Keep heat in the house and avoid uncontrolled air entries. Most of the energy efficiency is lost during winter time when uncontrolled cold air enters the house due to wall cracks or curtain holes. Caulk sill plates and seal cracks with expanding polyurethane foam, repair all curtain holes and eliminate cracks between curtain and house. To fit curtains close to the wall and cover the entire sidewall opening, you can install pocket flaps over the tops and ends of curtains. Make sure to insulate the tunnel inlets with curtains or insulated doors. Cover and seal all unused fan openings with plastic sheeting or curtain material. Clean shutters that allow unwanted air entry. Engineers say that a 1/8-inch crack along both sides of a 500-ft. house is equivalent to more than 10 sq. ft. of open wall or leaving uncovered a 2-ft. section of sidewall.

Adequate insulation for your weather conditions. Broiler houses with solid side walls are more energy efficient than houses open sided with curtains. However, you can insulate open sided houses at least on the brooding chamber. Several new materials are available in the market. Independently of the type of house you have, repair or replace insulation in the ceiling and walls damaged or destroyed by rodents and insects. The insulation efficiency or minimum thermal resistance (R-value) of most insulation materials decreases drastically when moistened. Install vapor barriers inside of the brooding chamber to avoid build-up of humidity.

Avoid water leaks to save energy. Excess litter moisture in the house requires heat for moisture evaporation and removal. Reduce litter moisture by properly ventilating when adequate according to age of flock and weather. Do not delay the increments in ventilation rates, otherwise litter moisture will raise and it will be more energy expensive to get rid of extra humidity in the houses. Increasing ventilation rate should only be done during the warmest periods of the day.

Avoid temperature stratification by using mixing fans. Warmer air tends to go to the ceiling and cooler air near the floor where it is not needed. Mixing fans help to circulate air and maintain a more uniform temperature at all levels to guarantee chick comfort. This will reduce the amount of gas needed to guarantee optimum temperatures.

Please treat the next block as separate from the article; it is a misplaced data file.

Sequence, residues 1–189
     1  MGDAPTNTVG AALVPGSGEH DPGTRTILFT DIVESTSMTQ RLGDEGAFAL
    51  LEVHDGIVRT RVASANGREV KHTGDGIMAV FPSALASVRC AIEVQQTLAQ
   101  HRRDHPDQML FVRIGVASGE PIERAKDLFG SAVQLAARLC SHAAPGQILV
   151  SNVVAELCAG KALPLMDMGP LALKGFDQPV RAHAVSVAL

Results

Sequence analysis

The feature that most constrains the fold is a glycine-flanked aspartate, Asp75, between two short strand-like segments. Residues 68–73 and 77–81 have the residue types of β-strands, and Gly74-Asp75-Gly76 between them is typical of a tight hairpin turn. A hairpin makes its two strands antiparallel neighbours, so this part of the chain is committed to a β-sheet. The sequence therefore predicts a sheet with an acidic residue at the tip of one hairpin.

Replace incandescent bulbs with energy efficient alternatives. Light emitting diode (LED) lights and cold cathode lights use less energy than incandescent lights, last longer and are dimmable. One 5 watt cold cathode bulb will produce the same light as a 40 watt incandescent bulb. New dimmable fluorescent lights hooked to a timer and photocell combination allow for the proper amount of light to be maintained in the houses while reducing energy usage. The photo cells measure light levels in several locations in the house and the individual lights are controlled to provide just the required amount of light and no more. Light reflectors on fixtures can double the amount of light that reaches the birds and reduce lighting costs by one-half.

Updating houses. Several equipment companies are promoting different types of ceiling vents to utilize solar heat trapped in the attic of the houses. These attic vents could help to reduce the gas consumption by more than 15%, have more recirculation of air, maintain better litter quality, and reduce CO2 concentration in the brooding chambers. When replacing poultry house fans, select the most efficient fans suited for your needs. If you need to change brooders evaluate using tube radiant brooders.

Producing energy. It is time to start thinking about solar panels to generate electricity. These systems are already under evaluation in commercial broiler houses not only to generate and save energy in batteries for the farm, but also to sell power back to the grid.

If you are interested in learning more about these saving ideas or want to do a test, please contact us at the Department of Poultry Science at NC State University.

November 2007